48. 48. LukeW writes about buttons http://www.lukew.com/resources/articles/PSactions.asp 48
  49. 49. LukeW and Etre tested a selection of different button placements and styles 49
  50. 50. Which one do you prefer? Why? Is there a better option? Only Option E performed poorly during our testing 50
  51. 51. Which one do you prefer? Why? Is there a better option? “Only Option E performed poorly during our testing” 51
  52. 52. A new selection of options: get rid of E, add another one? 52
  53. 53. Method 2 (easier, and guaranteed success): Choose anything sensible then test and test • Any arrangement of buttons that puts the SUBMIT (action) button where users expect to find it will probably be OK • Make sure that the SUBMIT button cannot be confused with destructive buttons • The only guaranteed way of achieving a good form is: – Test YOUR form with YOUR users – Make changes based on what you find – Test again with (different) users – Make more changes – Repeat until the form works 53
  54. 54. Three details that do affect users 1. It’s not OK and I don’t want to Cancel 2. Shorter preambles 3. ‘False ends’ 54
  55. 55. A/B testing Varied: • photo • background • colours • shading • buttons • preamble 55
  56. 56. In our 2004 study, we found that only a better preamble made any real difference • We tested a wide selection of visual variants of a form • Variants improved conversion rates • The only variation that achieved statistical significance was the improved preamble: – Shorter – Clearer – Better layout Jarrett, C. and Minott, C. (2004) Making a better web form Proceedings of the Usability Professionals' Association Conference, Minneapolis, Minnesota, USA. http://www.formsthatwork.com/files/Articles/BetterForm.pdf 56
  57. 57. 66 words 57
  58. 58. 28 words 58
  59. 59. Jason Fried talks about the new signup form. • “The previous form … was dated and too long… we wanted the redesigned form to be markedly shorter than the one it was replacing”. • “We spent a lot of time on the language, graphical elements in the sidebar, and overall information flow throughout the process”. 59http://37signals.com/svn/posts/1867-design-decisions-new-signup-form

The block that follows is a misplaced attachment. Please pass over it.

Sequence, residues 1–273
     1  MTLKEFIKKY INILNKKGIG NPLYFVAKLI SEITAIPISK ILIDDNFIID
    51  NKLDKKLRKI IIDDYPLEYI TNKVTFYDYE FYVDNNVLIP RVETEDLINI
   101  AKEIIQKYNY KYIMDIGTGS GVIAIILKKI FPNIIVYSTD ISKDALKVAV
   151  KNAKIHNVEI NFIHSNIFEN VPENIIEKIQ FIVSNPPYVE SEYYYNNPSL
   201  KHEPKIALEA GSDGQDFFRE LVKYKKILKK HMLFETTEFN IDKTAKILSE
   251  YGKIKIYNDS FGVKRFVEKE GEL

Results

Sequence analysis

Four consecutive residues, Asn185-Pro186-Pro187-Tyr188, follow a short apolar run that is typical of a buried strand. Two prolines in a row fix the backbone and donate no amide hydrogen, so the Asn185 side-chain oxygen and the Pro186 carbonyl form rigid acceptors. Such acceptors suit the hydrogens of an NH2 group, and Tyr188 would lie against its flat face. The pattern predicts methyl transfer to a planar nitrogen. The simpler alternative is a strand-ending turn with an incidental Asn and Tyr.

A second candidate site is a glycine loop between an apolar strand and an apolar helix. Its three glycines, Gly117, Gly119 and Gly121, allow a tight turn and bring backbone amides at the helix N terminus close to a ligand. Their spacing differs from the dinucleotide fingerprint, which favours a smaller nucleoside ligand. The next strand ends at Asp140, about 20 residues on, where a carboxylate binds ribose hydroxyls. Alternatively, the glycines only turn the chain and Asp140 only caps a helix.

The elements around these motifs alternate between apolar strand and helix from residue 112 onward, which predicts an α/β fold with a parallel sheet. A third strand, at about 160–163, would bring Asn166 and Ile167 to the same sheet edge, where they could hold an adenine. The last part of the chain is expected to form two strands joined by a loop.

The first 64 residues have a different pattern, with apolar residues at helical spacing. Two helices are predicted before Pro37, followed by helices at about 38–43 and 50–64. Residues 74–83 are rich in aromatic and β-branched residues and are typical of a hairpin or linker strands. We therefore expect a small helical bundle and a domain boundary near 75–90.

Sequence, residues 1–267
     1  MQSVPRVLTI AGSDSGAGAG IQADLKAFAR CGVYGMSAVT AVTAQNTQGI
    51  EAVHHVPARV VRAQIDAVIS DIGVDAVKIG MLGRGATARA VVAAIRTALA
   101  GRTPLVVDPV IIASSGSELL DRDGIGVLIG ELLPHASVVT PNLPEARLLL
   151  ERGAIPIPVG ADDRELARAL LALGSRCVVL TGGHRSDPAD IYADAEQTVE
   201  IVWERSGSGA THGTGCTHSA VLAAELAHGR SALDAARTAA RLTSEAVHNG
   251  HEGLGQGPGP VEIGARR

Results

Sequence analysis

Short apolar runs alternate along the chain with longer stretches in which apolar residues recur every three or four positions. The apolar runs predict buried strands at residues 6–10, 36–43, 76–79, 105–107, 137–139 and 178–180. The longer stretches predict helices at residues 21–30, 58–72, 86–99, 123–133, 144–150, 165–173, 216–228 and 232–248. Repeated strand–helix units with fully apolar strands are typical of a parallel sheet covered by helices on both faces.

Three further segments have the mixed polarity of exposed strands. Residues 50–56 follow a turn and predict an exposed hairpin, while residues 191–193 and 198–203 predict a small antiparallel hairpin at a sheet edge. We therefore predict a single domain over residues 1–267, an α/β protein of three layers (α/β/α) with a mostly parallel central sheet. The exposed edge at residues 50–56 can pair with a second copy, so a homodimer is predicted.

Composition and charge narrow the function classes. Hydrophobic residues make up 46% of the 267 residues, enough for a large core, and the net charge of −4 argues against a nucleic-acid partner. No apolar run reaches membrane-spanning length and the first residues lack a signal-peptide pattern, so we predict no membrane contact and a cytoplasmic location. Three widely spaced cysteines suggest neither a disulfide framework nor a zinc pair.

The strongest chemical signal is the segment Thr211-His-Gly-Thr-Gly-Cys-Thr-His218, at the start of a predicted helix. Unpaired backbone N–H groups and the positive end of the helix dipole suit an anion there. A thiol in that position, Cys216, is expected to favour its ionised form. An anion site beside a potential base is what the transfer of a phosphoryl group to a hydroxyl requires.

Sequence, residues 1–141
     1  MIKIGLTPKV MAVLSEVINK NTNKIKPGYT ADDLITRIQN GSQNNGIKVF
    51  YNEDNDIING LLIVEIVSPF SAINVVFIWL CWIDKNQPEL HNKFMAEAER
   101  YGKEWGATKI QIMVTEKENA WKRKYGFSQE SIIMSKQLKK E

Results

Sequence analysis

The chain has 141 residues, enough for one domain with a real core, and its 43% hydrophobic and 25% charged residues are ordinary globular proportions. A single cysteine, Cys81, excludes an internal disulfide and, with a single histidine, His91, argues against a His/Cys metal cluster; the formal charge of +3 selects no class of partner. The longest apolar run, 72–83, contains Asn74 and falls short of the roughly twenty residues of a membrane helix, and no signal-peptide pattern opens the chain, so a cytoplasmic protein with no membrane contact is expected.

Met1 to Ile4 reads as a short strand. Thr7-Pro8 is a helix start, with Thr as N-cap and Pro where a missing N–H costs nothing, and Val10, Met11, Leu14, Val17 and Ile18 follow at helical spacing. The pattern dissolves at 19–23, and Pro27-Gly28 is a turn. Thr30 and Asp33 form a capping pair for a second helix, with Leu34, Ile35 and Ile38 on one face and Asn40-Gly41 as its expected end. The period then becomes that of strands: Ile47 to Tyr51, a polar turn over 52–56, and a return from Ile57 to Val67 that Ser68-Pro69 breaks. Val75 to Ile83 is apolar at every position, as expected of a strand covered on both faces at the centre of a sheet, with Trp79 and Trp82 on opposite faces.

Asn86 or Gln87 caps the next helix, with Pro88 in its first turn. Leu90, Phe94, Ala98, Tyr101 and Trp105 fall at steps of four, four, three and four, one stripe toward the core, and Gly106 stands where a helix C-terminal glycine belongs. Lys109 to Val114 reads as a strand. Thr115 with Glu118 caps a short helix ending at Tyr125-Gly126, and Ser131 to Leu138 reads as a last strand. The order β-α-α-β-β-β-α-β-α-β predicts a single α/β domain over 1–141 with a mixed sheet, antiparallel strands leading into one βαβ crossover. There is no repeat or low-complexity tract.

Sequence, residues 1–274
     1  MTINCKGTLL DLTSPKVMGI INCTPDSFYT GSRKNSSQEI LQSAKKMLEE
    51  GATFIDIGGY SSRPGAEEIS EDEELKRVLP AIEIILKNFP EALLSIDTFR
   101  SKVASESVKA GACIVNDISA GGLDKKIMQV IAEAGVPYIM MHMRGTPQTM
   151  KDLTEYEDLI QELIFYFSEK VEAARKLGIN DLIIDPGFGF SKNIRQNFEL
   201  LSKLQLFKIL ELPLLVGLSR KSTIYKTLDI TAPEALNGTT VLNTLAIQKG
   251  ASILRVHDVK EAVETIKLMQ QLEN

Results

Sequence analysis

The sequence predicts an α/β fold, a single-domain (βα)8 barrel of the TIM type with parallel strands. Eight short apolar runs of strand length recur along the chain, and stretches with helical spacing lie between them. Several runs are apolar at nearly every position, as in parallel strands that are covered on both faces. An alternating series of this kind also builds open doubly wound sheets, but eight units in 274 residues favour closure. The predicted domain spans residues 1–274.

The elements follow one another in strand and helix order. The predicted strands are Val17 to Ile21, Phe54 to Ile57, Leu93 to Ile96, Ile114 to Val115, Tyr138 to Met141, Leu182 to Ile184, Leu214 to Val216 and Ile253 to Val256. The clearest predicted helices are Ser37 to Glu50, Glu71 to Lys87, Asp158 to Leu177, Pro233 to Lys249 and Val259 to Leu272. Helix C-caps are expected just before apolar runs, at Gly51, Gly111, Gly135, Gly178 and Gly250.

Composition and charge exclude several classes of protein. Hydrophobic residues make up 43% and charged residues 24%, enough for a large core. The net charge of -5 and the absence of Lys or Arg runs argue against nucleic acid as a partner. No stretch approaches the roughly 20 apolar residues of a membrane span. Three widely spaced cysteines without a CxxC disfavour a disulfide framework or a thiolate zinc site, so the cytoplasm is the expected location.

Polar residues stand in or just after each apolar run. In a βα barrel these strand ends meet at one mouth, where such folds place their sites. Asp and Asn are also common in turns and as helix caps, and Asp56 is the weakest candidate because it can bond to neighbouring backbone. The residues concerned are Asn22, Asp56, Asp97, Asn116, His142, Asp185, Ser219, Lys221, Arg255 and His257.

60. 60. Three details that do affect users 1. It’s not OK and I don’t want to Cancel 2. Shorter preambles 3. ‘False ends’ 60
  61. 61. ‘False ends’: if it feels like the end of the conversation, users will stop 61
  62. 62. ‘False ends’: if it feels like the end of the conversation, users will stop 62
  63. 63. Avoid screens in the middle of forms that have no fields for user entries • Option 1: save a ‘false end’ screen for the true end of the conversation • Option 2: include a question that guides users around the ‘false end’ screen 63
  64. 64. Agenda Where people look on forms What that implies for placing labels Let’s stress about unimportant details Three details that do affect users If it looks good, it’s easy to use Final reminder: it’s what you ask and why that really matters 64
  65. 65. If it looks good, it’s easy to use Keep the logo in proportion Calm your creative impulses Design to a grid 65
  66. 66. Some branding reinforces your form’s credibility. 66
  67. 67. Is this enough? 67
  68. 68. Where is the form? Too much branding 68
  69. 69. Another, more recent, look at the Marvel site 69
  70. 70. Another, more recent, look at the Marvel site 70
  71. 71. Is this just right? Or too much? 71
  72. 72. If it looks good, it’s easy to use Keep the logo in proportion Calm your creative impulses Design to a grid 72
  73. 73. Calm your creative impulses. 73
  74. 74. More conventional: still offers opportunities for improvement 74
  75. 75. If it looks good, it’s easy to use Keep the logo in proportion Calm your creative impulses Design to a grid 75
  76. 76. Design to a grid: work with the graphics in the shape of the page 76
  77. 77. Keeping to a grid: starts well 77
  78. 78. Example: chipping at the grid 78
  79. 79. Design to a grid: if you give up entirely, it looks a bit inept 79
  80. 80. Design to a grid: if you give up entirely, it looks a bit inept 80
  81. 81. A before- and after- example. First of all, the old one. Plenty of grid problems. 81
  82. 82. Currently: tidied up, and with page furniture 82
  83. 83. Design to a grid: think about the whole page as well as the fields 83
  84. 84. Design to a grid: has a grid – but also invisible instructions 84
  85. 85. Now try it for yourself • Design a solution for ‘invisible instructions’ on the ACT form 85
  86. 86. Equivalent page May 2010 86
  87. 87. Agenda Where people look on forms What that implies for placing labels Let’s stress about unimportant details Three details that do affect users If it looks good, it’s easy to use Final reminder: it’s what you ask and why that really matters 87
  88. 88. It’s what you ask and why that really matters • Users rarely abandon forms because of: – Label placement – Use of colons – Required field indicators – Sentence or title case • Users often abandon forms or lie on them because of: – Questions that they don’t understand – Questions that they have no answer for – Intrusive questions that are inappropriate to the task – Validations that refuse their preferred or correct answer 88
  89. 89. Question time Caroline Jarrett carolinej@effortmark.co.uk +44 1525 370379 I’m a consultant, hire me: Consultancy: www.effortmark.co.uk Training: www.usabilitythatworks.com Free stuff: Forms advice: www.formsthatwork.com Editing: www.editingthatworks.com Columns: www.usabilitynews.com “Caroline’s Corner” www.uxmatters.com “Good Questions” 89